The signature cache, which is in place to increase performance (by not having to check the signature multiple times), and to mitigate some attacks currently has a default limit of 50 000 signatures. Sipa has a pull-request which proposes to: Change the limit from number of entries to megabytes Change the default to 40MB, which corresponds to 500 000 signatures Store salted hashes instead of full entries Remove entries that have been validated in a block
Sipa did benchmarks for various signature cache sizes on hitrate in blocks (how many of the cached signatures are in the block). The maximum sigcache size was 68MB, resulting in a 3% miss-rate. Some blocks though have extremely high miss rates (60%) while others have none. Likely caused by miners running different policies. Gmaxwell proposed to always run script verification for mempool transactions, even if these transactions get rejected into the mempool by the clients policy. The result of that is that even a 300MB sigcache size only gets down to 15% misses. So there's too much crap being relayed to keep any reasonable sized cache. Gmaxwell points out downsides to not checking any rejected transactions, namely: there are some DOS attacks possible, and you increase your misrate if you set a policy which is more restrictive than the typical network, which might result in a race to the bottom.
Sipa continues his work and seeks out other strategies
Performance goals for 0.12
Bitcoin-core 0.12 is scheduled for release December 1st.
Everybody likes to include secp256k1 ASAP, as it has a very large performance increase. Some people would like to include the sigcache pull-request, BIP30, modifyNewCoins and a createNewBlock rewrite if it's ready. Wumpus advises against merging last-minute performance improvements for 0.12.
Mentioned pull-requests should be reviewed, prioritizing CreateNewBlock
transaction priority
Each transaction is assigned a priority, determined by the age, size, and number of inputs. Which makes some transactions free.
Sipa thinks we should get rid of the current priority completely and replace it with a function that modifies fee or size of a transaction. There's a pull-request available that optimizes the current transaction priority, thereby avoiding the political debate that goes with changing the definition of transaction priority. Luke-jr thinks the old policy should remain possible.
Check to see if PR #6357 is safe and efficient enough.
sigops flooding attack
The number of ECDSA signature-checking operations or sigops is currently limited to 20 000 per block. This in order to prevent miners creating blocks that take ages to verify as those operations are time-consuming. You could however construct transactions that have a very high sigops count and since most miners don't take into account the sigops count they end up with very small blocks because the sigop limit is reached. This attack is described here.
Suggestion to take the number of sigops relative to the maximum blocksize into account with the total size. Meaning a 10k sigops transaction would currently be viewed as 500kB in size (for that single transaction, not towards the block). That suggestion would be easy to change in the mining code, but more invasive to try and plug that into everything that looks at feerate. This would also open up attacks on the mempool if these transactions are not evicted by mempool limiting. Luke-jr has a bytes-per-sigop limit, that filters out these attack transactions.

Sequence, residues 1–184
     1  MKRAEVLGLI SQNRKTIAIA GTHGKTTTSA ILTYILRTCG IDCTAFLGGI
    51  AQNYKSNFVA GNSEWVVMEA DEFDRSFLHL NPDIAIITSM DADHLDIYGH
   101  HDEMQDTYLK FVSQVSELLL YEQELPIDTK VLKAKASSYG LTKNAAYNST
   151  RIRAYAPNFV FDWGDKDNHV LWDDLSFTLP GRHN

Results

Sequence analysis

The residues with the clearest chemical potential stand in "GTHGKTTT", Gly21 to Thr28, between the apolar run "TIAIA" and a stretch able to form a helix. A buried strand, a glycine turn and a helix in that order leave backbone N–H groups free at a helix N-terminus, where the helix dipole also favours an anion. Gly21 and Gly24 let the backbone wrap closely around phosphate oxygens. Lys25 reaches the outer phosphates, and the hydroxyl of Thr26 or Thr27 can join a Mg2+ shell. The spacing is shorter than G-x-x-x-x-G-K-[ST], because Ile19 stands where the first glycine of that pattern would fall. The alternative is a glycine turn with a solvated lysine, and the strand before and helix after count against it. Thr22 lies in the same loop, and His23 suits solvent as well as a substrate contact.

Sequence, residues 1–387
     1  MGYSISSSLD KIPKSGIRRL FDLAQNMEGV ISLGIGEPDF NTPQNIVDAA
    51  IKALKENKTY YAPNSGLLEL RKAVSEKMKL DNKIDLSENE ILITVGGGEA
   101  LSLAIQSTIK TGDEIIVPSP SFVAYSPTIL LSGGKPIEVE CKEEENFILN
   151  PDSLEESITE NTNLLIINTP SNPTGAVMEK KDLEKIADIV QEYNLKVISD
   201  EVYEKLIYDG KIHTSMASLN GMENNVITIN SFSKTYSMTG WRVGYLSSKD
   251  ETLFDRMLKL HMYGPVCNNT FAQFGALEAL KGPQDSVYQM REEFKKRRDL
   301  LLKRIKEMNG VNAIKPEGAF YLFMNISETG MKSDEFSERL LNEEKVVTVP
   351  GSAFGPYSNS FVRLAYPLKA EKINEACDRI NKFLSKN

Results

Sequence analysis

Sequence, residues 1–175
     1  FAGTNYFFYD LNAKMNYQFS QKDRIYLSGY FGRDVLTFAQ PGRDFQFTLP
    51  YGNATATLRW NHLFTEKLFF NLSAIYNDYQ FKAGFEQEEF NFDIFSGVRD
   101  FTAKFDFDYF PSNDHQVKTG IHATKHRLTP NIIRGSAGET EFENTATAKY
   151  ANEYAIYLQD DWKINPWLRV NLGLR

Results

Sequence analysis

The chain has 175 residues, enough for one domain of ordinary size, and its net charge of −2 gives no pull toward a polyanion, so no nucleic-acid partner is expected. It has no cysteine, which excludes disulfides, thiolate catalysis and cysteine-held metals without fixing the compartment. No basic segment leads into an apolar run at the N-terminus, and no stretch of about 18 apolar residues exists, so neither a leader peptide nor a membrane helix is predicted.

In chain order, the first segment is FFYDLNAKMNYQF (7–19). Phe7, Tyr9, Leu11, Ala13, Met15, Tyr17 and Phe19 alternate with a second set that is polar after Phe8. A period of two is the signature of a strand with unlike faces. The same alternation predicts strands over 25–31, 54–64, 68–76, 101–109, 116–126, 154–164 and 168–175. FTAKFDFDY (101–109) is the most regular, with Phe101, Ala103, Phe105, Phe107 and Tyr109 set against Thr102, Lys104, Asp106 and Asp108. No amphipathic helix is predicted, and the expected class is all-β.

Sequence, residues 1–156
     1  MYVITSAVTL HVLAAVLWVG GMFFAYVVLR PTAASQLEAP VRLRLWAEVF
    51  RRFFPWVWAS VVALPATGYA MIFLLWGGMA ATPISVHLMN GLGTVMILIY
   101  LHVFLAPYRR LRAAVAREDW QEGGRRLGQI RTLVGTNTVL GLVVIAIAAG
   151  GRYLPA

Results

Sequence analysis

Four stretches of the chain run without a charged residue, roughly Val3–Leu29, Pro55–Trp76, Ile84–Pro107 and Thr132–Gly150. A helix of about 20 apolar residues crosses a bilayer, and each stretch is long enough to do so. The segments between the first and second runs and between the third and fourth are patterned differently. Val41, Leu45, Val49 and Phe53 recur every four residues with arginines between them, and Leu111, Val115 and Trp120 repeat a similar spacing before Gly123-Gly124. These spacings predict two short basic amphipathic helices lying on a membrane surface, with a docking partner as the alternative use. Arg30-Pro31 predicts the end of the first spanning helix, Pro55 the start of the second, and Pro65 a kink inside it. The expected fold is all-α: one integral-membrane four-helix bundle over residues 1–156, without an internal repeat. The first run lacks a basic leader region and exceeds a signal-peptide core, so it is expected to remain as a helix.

More analysis should be done, people seem fine with the general direction of fixing it.
chain limits
Chain in this context means connected transactions. When you send a transaction that depends on another transaction that has yet to be confirmed we talk about a chain of transactions. Miners ideally take the whole chain into account instead of just every single transaction (although that's not widely implemented afaik). So while a single transaction might not have a sufficient fee, a depending transaction could have a high enough fee to make it worthwhile to mine both. This is commonly known as child-pays-for-parent. Since you can make these chains very big it's possible to clog up the mempool this way. With the recent malleability attacks, anyone who made transactions going multiple layers deep would've already encountered huge problems doing this (beautifully explained in let's talk bitcoin #258 from 13:50 onwards) Proposal and github link.
sdaftuar's analysis shows that 40% of blocks contain a chain that exceeds the proposed limits. Even a small bump doesn't make the problem go away. Possible sources of these chains: a service paying the fees on other transactions (child-pays-for-parent), an iOS wallet that gladly spends unconfirmed change. A business confirms they use child-pays-for-parent when they receive bitcoins from an unspent chain. It is possible that these long chains are delivered to miners directly, in which case they wouldn't be affected by the proposed relay limits (and by malleability). Since this is a problem that needs to be addressed, people seem fine with merging it anyway, communicating in advance to let businesses think about how this affects them.
Merge "Policy: Lower default limits for tx chains" Morcos will mail the developer mailing list after it's merged.
Participants
morcos Alex Morcos gmaxwell Gregory Maxwell wumpus Wladimir J. van der Laan sipa Pieter Wuille jgarzik Jeff Garzik Luke-Jr Luke Dashjr phantomcircuit Patrick Strateman sdaftuar Suhas Daftuar btcdrak btcdrak jouke ??Jouke Hofman?? jtimon Jorge Timón jonasschnelli Jonas Schnelli 
Comic relief
20:01 wumpus #meetingend 20:01 wumpus #meetingstop 20:01 gmaxwell Thanks all. 20:01 btcdrak #exitmeeting 20:01 gmaxwell #nomeetingnonono 20:01 btcdrak #meedingexit 20:01 wumpus #endmeeting 20:01 lightningbot Meeting ended Thu Nov 5 20:01:29 2015 UTC. Information about MeetBot at http://wiki.debian.org/MeetBot . 20:01 btcdrak #rekt 
submitted by G1lius to Bitcoin [link] [comments]

BIP30 and BIP34 interaction (was Re: [BIP Proposal] Buried Deployments) | Jorge Timón | Nov 17 2016

Jorge Timón on Nov 17 2016:
On Thu, Nov 17, 2016 at 1:00 AM, Eric Voskuil wrote: